The effects of VT in PARDS remains unclear. Current pediatric clinical practices, in general, are based on data extrapolated from adult experiences or studies. Routine ventilation strategies in PARDS do not usually involve high VTs as was used in the ARDS Network trial groups (12 mL/kg). As such, a similar trial between high and low VTs in children with PARDS may be difficult to design and conduct. A prior multicenter study, across 10 PICUs from Asia that included 373 children with PARDS did not reveal significant IHM rates in participants who were ventilated with VTs in 5–10 mL/kg range (7). In any mechanically ventilated pediatric patient, the use of VTs below or within the range of normal physiologic VTs adjusted for the age and body weight (i.e., 5–8 mL/kg) in controlled ventilation strategy according to respiratory system compliance (CRS) and the underlying lung pathology is recommended (1). Further, patient-specific VTs according to severity of disease should also be considered. For example, VTs should be 3 to 6 mL/kg IBW for those with reduced respiratory compliance and probably closer to the expected or normal physiologic range (5 to 8 mL/kg IBW) for those with better preserved respiratory compliance. In the absence of advanced transpulmonary pressure (TPP) measurements, it is recommended that an inspiratory PP limit of 28 cmH2O be considered; however, on occasions slightly higher PPs (29 to 32 cmH2O) could also be considered for those with increased chest wall elastance (decreased chest wall compliance) on an individual basis. It is important to understand that all of these recommendations are based on weak agreement amongst the consensus experts (1). To systematically address these issues carefully designed RCTs that evaluate the impact of VTs/PPs in PARDS are urgently required.

Driving pressures and outcomes

As discussed earlier, lung-protective ventilation strategy recommends the use of low VTs, lower end-inspiratory (plateau) pressures and higher levels of PEEP. However, it is known that reducing VT does not always prevent overstrain or overstress. Conceptually, titrating MV on airway driving pressure, computed as airway pressure changes from PEEP to end-inspiratory PP, equal to the ratio between the VT and compliance of pulmonary system, may better reflect lung injury. In a small study of 150 adult ARDS patients, those with the higher airway driving pressures (≥15 cmH2O) had a considerably higher lung stress, respiratory system and lung-elastance compared to their counterparts. Airway driving pressure was significantly related to lung stress [at 5 cmH2O PEEP: r(2)=0.581, P<0.0001; at PEEP of 15 cmH2O: r(2)=0.353, P<0.0001]. For a lung stress of 24 and 26 cmH2O, the optimal cutoff value for the airway driving pressure were 15.0 [receiver operating characteristic (ROC)-area under the curve (AUC), 0.85; 95% confidence interval (CI), 0.782–0.922]; and 16.7 cmH2O (ROC-AUC, 0.84; 95% CI, 0.742–0.936) (18). To further address the relative importance of VT, PEEP and plateau airway pressures, the driving pressures (ΔP=VT/CRS) were examined as an independent variable related with survival. In an observational, multilevel mediation analysis of 3,562 adults with ARDS enrolled in 9 previously reported RCTs, the ΔP was most strongly associated with survival. A 1 standard deviation increment in ΔP (approximately 7 cmH2O) was associated with increased IHM [relative-risk (RR) of 1.41; P<0.001], even in participants who received “protective” PP and VTs (RR, 1.36; P<0.001). Decreases in driving pressures were strongly associated with increased survival (19). Since this is an observational study, no causation can be inferred. Future RCTs are needed to assess the impact of driving pressure in those with ALI/ARDS. Clinical researches pertaining to effect of driving pressures in PARDS are lacking and should be the focus in future studies.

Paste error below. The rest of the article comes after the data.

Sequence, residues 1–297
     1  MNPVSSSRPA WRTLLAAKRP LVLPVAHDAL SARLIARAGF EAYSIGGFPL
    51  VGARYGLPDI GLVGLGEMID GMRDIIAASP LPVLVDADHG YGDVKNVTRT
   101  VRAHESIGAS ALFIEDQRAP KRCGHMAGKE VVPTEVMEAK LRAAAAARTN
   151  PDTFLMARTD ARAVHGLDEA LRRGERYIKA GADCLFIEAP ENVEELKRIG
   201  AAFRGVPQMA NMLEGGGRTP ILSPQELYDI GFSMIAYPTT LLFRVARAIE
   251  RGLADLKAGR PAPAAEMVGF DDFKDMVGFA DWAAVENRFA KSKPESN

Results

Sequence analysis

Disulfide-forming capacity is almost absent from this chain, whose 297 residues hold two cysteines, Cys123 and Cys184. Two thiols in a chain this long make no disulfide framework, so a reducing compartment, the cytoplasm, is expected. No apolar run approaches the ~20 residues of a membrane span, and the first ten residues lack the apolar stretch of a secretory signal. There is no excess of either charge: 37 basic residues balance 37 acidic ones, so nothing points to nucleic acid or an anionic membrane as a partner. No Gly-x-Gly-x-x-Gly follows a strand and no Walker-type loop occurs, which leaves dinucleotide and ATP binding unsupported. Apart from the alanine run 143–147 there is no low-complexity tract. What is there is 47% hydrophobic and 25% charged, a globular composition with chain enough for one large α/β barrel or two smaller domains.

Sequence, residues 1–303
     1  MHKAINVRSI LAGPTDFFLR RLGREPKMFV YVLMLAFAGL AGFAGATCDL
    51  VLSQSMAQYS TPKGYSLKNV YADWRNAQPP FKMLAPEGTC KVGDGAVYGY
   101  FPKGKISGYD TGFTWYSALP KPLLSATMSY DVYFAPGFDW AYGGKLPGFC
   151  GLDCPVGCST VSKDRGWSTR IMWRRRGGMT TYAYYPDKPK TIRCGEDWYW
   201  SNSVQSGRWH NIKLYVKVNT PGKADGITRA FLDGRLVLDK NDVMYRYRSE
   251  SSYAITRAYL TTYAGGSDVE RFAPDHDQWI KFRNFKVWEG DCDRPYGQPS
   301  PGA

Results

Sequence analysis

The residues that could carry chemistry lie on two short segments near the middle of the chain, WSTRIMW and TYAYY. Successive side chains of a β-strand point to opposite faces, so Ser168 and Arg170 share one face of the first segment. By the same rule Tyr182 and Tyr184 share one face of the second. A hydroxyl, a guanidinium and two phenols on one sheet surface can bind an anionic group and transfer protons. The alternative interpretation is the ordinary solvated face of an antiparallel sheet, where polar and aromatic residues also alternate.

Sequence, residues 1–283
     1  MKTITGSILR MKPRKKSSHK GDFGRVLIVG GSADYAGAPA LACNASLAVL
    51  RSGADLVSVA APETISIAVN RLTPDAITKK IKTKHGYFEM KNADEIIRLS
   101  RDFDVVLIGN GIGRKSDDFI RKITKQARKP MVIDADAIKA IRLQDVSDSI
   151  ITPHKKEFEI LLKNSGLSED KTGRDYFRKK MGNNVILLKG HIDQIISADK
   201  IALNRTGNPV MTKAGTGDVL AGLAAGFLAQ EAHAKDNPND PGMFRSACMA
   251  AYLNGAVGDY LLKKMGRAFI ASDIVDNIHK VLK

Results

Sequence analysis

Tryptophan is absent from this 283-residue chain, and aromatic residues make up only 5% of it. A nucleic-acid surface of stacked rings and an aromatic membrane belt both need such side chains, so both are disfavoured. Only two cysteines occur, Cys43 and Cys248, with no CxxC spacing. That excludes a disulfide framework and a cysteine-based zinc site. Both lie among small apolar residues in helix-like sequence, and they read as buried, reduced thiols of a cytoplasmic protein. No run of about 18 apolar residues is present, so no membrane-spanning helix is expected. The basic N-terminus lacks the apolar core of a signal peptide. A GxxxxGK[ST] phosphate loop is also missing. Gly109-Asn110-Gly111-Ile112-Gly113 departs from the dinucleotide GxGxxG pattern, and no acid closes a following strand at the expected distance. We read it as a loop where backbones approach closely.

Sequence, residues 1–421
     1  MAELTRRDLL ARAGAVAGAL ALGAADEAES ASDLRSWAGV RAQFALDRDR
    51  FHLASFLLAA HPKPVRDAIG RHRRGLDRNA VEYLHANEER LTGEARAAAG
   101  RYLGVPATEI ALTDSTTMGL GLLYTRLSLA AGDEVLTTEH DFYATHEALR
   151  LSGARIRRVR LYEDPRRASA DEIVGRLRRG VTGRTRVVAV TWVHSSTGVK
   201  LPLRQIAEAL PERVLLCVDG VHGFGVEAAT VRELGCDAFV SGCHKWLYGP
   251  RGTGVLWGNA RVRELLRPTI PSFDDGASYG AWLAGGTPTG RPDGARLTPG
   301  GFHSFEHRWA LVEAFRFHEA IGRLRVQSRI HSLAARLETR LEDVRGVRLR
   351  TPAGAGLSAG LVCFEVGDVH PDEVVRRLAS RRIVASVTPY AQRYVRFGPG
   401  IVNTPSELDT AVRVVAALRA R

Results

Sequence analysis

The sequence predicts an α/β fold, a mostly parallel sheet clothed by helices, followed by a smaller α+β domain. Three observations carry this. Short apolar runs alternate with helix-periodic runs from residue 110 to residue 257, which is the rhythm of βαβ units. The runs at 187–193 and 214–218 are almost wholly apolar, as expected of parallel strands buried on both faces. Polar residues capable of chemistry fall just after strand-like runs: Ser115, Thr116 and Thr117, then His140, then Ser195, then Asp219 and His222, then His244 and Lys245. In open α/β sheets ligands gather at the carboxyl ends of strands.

PEEP and outcomes

The optimal level of PEEP to be used in the management of adults with ARDS remains elusive (14,15,20,21). Providers should be aware that the deleterious effects of higher or excessive PEEP may actually outweigh the potential benefits. It is well known that the end-inspiratory alveolar over-distention resulting from using high PEEP increases the pulmonary vascular resistance (PVR) and alveolar dead space and thus worsens the intrapulmonary shunt (22,23). The optimal PEEP level in PARDS is unknown and current practices are mainly inferred from the adult data (14).

The effects of high PEEP depends to a significant extent on the “lung recruitability”, which unfortunately fluctuates extensively in ALI/ARDS. This variation is thought to exist within a patient and between patients, partly again related to the severity of the disease process. Data on 68 participants who had ALIR or ARDS and had a lung computed tomography (CT) scan performed at three different levels of airway pressure including 5, 15 and 45 cmH2O were investigated. Only in those participants with a higher percentage of recruitable lung tissue, the increments in PEEP showed potential beneficial effects. In addition, as expectedly, a corresponding increase in alveolar strain was noted in the two groups. Opening and closing lung tissue was an independent risk factor for IHM [odds ratio (OR) was 1.1 for every 10-gram increase]. The hilar and the dependent regions of the lungs were more subject to the effects of opening and closing lung tissue (24). It was concluded that the favorable effects of decreasing intra-tidal alveolar opening and closing by increasing PEEP prevailed over the deleterious effects of increasing the alveolar strain.